“The man feeds me,” said the mule, “but I do not get food from his plate. I’m left out because I am a mule. I should act like a dog. If I do that, the man will like me just as much as he likes the dog.” So the mule left his pen and went in the man’s home. He set his feet on the man’s lap and gave the man a big, wet lick.

The man was scared. He gave a shout and let his plate drop. It broke with a crash. The man fell down, too. When the man got up, he was mad at the mule. He made the mule run back out to his pen.

Core Knowledge (R) Independent Reading 
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Lesson 34 – Part Three

NEW WORDS: loft, shame, straw

The Bag of Coins
Once, two men went on a trip. One of them found a bag of coins on the ground, at the foot of a tree. “Look what I found!” he said. “It is a bag of coins!”

“Good!” said the next man. “We can count the coins and see what we have!”

“No,” said the man with the bag. “The coins in this bag are not OUR coins. They are MY coins. I found them. They are all mine!”

Just then, there was a loud shout. There were a bunch of men, and they were mad. “Look!” they shouted. “There is a man with the bag. He stole our coins!”

“Get him!” said the rest.

The man with the coins was scared. “Those men are mad,” he said. “If they see US with the coins, we will be in a bad spot.”

“No, no,” said the man next to him. “If they see YOU, you will be in a bad spot. Those are not OUR coins. Those are YOUR coins. You found them. They are all yours.”


The Dog and the Ox
Once, a dog took a nap on a pile of straw in a box. But the straw in the box was not a bed. When the ox came home, he saw the straw in his food box. But he could not get to the straw, because the dog was on top of it. “Dog,” said the ox, “could you sleep up in the loft? I would like to munch on the straw in my food box.”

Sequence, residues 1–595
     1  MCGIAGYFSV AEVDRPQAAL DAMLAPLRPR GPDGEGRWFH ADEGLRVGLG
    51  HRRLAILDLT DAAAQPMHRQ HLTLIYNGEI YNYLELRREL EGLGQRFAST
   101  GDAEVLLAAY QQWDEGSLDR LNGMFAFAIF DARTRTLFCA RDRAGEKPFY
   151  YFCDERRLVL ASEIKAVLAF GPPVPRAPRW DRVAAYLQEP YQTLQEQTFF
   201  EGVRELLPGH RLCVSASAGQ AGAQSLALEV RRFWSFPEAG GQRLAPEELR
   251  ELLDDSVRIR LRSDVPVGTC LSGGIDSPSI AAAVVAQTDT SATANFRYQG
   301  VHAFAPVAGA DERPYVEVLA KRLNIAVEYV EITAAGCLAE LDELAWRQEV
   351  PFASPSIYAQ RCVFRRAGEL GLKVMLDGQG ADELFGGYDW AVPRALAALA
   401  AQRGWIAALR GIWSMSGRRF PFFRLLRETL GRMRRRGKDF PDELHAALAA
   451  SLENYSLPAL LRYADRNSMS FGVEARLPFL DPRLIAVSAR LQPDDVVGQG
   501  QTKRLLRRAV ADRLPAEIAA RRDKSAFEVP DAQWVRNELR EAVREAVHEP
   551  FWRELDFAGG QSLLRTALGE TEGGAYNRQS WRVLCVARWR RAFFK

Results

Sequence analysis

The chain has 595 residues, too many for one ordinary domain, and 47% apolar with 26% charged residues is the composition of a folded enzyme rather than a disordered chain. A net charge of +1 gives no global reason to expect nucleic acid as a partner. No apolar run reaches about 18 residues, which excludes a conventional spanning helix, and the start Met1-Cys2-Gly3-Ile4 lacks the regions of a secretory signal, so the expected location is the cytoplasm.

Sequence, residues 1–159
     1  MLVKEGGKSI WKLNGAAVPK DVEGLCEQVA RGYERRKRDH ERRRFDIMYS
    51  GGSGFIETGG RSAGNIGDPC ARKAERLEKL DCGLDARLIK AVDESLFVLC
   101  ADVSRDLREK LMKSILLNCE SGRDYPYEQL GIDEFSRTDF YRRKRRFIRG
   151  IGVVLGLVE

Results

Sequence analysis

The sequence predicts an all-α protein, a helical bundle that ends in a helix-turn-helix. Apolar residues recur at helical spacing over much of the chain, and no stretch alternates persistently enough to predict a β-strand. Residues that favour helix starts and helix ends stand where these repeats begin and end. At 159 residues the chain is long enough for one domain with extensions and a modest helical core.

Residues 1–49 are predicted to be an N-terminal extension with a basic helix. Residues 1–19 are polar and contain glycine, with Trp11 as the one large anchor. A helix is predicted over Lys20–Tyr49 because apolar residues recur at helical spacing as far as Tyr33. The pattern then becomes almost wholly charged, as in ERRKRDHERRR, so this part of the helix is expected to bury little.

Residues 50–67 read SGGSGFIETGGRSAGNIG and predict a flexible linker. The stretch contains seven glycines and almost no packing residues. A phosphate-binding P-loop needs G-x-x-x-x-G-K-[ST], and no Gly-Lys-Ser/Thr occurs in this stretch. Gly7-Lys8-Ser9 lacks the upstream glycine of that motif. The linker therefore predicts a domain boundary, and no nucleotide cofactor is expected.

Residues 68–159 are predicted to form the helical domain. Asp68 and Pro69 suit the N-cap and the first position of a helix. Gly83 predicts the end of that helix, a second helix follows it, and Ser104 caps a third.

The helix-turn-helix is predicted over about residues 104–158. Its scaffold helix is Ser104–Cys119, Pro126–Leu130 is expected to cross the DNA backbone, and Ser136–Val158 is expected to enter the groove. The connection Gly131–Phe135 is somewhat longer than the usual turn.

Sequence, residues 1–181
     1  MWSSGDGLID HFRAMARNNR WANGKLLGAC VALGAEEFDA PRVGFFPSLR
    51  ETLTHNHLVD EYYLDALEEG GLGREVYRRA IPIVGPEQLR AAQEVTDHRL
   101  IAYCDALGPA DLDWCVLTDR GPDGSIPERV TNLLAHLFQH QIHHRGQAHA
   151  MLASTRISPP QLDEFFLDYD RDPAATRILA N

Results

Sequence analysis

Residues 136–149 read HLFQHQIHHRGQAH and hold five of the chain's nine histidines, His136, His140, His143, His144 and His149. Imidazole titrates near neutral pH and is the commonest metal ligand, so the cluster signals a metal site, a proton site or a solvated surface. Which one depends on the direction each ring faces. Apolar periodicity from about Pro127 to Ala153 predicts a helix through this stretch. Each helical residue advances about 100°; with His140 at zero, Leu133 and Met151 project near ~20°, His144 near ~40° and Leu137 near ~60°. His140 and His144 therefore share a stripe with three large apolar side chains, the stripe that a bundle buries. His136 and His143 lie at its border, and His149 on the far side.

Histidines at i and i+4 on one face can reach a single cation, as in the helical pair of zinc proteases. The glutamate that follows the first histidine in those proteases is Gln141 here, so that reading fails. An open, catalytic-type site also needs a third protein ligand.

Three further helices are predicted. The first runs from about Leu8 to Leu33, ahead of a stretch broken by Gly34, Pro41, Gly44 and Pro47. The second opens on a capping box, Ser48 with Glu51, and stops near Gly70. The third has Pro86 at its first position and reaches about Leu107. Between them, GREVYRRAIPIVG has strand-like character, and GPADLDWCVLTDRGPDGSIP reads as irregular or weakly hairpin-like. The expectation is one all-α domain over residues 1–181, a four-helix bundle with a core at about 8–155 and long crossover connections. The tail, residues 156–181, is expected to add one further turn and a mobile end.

The dog woke up, but he would not get off the straw. He was mad that the ox woke him up.

At last, a man came in and saw the dog on the straw. “Bad dog!” said the man. “You did not need that straw, but you would not let the ox have it! Shame on you! Get up!”


The Fox and the Grapes
A fox saw a bunch of ripe grapes that hung from the branch of a tree. The fox said, “Those grapes look good. I will get them and make them my lunch.” The fox stood up on his back legs, but he could not grab the grapes. The fox made a hop, but he could not grab the grapes. The fox ran and made a big jump, but he still could not get the grapes.

At last, the fox sat down on the ground. “What a fool I am!” said the fox. “I can tell that those grapes are sour. They would not have made a good lunch.”